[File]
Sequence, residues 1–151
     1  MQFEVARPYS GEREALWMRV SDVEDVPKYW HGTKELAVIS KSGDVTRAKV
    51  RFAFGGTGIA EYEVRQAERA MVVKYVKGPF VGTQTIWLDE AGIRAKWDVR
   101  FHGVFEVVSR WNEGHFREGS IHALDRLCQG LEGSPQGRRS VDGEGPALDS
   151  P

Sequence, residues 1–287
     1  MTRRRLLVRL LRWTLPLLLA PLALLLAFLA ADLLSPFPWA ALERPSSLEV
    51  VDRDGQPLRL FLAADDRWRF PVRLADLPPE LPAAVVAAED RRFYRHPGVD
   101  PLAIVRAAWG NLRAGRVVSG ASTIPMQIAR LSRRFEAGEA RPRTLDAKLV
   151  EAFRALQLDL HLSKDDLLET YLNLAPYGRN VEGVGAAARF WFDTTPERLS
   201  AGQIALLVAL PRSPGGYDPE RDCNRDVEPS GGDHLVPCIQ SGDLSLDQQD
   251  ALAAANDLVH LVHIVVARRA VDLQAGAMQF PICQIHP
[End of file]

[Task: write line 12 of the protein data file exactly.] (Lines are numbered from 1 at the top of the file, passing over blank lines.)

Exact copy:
   251  ALAAANDLVH LVHIVVARRA VDLQAGAMQF PICQIHP